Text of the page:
let’s meet here again
I rudely presume that my blog readers naturally gravitated over to instagram and subscribe to my newsletter but, perhaps you don’t? If so, I thought it best to get back here and start posting more regularly because I miss it and also, there’s a whole story here and it seems sad for it to finish so abruptly without explanation.
Since I last posted, we made the decision to stay in Tasmania and put down some roots. These kind of decisions are never clear cut; there is not definitive reasons why we stayed, more a long string of realisations that led us along and eventually encouraged us to think that yes, we could live here. This year has been a settling season for us and we’ve been living in a rental perched on a hill since April; an autumn, winter and now spring of new routines and homelife which is altogether ordinary and quite lovely, too. I’ve spent the past seven months finishing one book and writing the next; I’ve written every day, either at my desk or in bed and it is all I’ve thought of – first thing in the morning, last thing at night and all the moments in between. It’s a dream come true and also, a lot of hard work; hours upon hours, sometimes writing from morning till night, writing, deleting and then writing some more.
Needless to say, my desk is littered with open books, post-it notes, tea cups and handwritten reminders only I can decipher. It’s an array of clutter yet I know where everything is an as I sit here with my noise-cancelling headphones on listening to a spotify playlist that sounds a little like it comes from the far-reaching islands of the Scottish Hebrides, I write about pregnancy and birth and all the small and almighty parts of that journey. I am often interrupted by Marigold asking for snacks, I sometimes sit back with a sore head and can’t see my way through the next paragraph but I persist, because books only get written from immense amounts of persistence.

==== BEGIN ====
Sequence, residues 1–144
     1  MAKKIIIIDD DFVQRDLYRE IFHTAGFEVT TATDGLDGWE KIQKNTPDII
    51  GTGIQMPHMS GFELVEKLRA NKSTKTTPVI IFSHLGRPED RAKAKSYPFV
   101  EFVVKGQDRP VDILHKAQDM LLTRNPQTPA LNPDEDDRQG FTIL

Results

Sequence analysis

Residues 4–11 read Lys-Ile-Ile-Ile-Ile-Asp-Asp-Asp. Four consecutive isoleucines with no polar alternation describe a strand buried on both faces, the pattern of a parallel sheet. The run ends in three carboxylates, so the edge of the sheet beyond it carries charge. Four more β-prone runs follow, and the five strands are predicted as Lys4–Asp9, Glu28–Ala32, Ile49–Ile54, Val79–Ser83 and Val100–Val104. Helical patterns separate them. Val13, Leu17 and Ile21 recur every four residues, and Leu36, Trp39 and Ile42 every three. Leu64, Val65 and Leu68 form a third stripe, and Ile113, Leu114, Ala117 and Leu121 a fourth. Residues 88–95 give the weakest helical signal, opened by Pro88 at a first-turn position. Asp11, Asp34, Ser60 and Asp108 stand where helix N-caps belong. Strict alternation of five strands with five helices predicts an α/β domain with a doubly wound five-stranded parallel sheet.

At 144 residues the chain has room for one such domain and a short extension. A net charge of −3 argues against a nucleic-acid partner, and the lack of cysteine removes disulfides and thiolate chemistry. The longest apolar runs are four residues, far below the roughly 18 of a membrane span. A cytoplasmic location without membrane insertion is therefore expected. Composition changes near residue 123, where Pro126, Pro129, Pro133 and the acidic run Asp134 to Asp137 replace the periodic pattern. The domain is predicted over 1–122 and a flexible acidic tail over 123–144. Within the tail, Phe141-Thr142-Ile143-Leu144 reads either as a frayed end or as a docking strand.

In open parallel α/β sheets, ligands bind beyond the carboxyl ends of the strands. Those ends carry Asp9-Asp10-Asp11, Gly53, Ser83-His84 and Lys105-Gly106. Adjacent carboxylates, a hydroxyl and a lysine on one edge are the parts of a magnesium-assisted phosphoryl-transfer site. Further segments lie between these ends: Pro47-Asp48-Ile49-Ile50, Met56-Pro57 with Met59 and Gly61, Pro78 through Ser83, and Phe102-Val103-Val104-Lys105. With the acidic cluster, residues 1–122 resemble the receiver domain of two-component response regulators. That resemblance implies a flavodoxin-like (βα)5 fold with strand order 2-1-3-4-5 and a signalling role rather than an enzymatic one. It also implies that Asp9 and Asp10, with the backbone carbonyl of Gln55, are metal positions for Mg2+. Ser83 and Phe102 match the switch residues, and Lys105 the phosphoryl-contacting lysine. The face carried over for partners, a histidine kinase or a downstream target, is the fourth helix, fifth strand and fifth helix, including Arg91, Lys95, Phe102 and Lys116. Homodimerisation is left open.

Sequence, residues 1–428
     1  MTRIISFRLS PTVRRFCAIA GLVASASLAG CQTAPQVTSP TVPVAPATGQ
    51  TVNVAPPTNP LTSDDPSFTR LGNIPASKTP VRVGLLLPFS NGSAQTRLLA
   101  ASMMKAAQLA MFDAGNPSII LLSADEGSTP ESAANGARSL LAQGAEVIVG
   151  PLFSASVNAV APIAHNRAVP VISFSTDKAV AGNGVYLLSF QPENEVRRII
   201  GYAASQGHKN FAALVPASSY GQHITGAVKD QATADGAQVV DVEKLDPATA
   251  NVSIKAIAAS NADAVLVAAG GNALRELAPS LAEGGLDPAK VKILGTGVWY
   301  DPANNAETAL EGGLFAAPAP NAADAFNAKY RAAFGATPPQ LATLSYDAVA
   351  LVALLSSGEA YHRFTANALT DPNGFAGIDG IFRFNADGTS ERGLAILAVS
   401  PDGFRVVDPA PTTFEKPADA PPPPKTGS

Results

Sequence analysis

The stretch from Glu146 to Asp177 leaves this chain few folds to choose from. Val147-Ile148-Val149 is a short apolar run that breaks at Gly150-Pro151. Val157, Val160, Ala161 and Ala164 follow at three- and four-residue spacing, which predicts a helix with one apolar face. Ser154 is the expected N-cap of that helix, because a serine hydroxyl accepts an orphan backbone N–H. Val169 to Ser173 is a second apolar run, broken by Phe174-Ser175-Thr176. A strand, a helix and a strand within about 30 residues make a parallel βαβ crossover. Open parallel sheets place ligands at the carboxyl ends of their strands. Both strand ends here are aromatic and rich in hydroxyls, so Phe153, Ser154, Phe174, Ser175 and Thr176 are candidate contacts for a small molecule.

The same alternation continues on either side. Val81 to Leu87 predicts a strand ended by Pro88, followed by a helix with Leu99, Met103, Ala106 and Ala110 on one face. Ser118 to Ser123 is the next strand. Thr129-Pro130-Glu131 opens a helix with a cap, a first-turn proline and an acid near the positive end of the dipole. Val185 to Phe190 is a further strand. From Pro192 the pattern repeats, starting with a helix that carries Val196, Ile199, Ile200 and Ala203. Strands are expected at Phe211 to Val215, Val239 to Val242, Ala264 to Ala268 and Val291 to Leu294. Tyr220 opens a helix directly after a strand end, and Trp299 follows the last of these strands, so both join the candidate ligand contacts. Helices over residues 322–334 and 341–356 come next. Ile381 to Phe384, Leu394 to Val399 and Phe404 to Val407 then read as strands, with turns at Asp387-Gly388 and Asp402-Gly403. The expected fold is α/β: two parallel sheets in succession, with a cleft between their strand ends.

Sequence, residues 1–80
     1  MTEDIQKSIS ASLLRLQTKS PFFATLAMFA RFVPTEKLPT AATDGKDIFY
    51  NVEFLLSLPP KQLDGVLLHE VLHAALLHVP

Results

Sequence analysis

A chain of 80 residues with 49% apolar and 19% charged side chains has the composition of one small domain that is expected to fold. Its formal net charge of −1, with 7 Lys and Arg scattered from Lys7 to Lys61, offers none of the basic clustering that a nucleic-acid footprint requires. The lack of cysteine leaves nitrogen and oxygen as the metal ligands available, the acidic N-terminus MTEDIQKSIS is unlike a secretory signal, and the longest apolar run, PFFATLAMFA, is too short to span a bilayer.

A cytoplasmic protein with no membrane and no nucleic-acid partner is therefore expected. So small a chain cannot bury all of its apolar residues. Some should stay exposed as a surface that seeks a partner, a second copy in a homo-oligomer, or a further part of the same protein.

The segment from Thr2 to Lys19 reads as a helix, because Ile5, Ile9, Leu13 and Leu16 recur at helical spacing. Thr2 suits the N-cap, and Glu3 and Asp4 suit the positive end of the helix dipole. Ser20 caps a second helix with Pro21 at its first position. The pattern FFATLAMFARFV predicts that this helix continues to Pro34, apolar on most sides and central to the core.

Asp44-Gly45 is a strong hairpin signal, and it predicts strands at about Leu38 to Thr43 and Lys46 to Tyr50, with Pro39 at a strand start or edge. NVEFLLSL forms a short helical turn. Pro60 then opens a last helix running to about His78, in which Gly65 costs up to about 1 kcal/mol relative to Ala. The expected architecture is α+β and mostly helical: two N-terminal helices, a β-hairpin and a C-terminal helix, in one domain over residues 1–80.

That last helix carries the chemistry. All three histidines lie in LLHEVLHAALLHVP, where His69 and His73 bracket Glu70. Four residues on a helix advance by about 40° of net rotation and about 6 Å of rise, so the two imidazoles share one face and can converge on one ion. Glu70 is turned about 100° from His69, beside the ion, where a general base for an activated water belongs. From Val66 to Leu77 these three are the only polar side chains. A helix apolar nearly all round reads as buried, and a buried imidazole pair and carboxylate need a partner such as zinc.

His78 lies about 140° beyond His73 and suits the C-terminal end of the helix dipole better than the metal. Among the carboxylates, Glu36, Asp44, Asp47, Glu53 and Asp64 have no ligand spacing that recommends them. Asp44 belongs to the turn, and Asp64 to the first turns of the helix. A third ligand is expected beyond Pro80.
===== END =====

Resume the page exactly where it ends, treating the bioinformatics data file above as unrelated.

Today I walked into town and passed my favourite house which was one of the first built in this area. The owner, Margaret, was gardening so I started chatting to her and she let me take photos of her front garden which is an absolute picture. She talked me through each flower and when she’d planted them and those that had self-seeded and sprung to life in surprising colours. I’ve met a lot of my neighbours this way, stopping to chat while they’ve been pottering and now I know their names and sometimes when I’m passing they give me lemons or mint or fresh blooms to take home.
There’s a whole chapter on gardens and libraries in my soon-to-be released new book; I write about the comfort we found in community gardens as we travelled, the reprieve they offered when the stark highways started to hurt our eyes. It’s apt that as we’ve settled I’ve met neighbours as they’ve dug in the dirt, stopping to chat to me once I remarked on their daisies.
I started writing this today after Kate, from the blog we all know and love – Foxs Lane – started blogging again after a two-year hiatus. From around 2008-2018, there was a very strong, supportive blogging community that was altogether a lot more lo-fi than social media currently is. We shared our achievements and our failures but mostly, we wrote about all the ordinary, everyday things we were currently navigating. We photographed cups of tea next to a hearty slice of cake, the vegetables we’d grown and harvested, our children on beaches and in gardens and reading books, painting, growing, eating, cuddling.
All this to say, I have Kate to thank for getting me back here and hopefully I can make it a more regular thing.
In the meantime, I’d love you to sign up to my newsletter which I usually send monthly (but I’m aiming to send a little more frequently than that). And if you want to read a bit about what it was like to live and travel in a caravan for over two years, the layers of anxiety and overwhelm that I unravelled and the lessons learnt from spending most days under big skies, you can pre-order my book here. Pre-orders really do help with the success of a book so I’m grateful for your support.